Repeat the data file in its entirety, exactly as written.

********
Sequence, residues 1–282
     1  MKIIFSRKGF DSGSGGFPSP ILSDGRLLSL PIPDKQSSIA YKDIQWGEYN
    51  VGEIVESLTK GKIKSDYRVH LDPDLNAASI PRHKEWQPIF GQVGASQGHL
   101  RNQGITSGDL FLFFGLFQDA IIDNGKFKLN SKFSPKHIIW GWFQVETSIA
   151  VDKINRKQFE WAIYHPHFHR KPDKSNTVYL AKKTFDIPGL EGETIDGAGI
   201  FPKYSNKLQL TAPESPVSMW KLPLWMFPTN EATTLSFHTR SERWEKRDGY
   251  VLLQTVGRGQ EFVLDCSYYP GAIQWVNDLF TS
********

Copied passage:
Sequence, residues 1–282
     1  MKIIFSRKGF DSGSGGFPSP ILSDGRLLSL PIPDKQSSIA YKDIQWGEYN
    51  VGEIVESLTK GKIKSDYRVH LDPDLNAASI PRHKEWQPIF GQVGASQGHL
   101  RNQGITSGDL FLFFGLFQDA IIDNGKFKLN SKFSPKHIIW GWFQVETSIA
   151  VDKINRKQFE WAIYHPHFHR KPDKSNTVYL AKKTFDIPGL EGETIDGAGI
   201  FPKYSNKLQL TAPESPVSMW KLPLWMFPTN EATTLSFHTR SERWEKRDGY
   251  VLLQTVGRGQ EFVLDCSYYP GAIQWVNDLF TS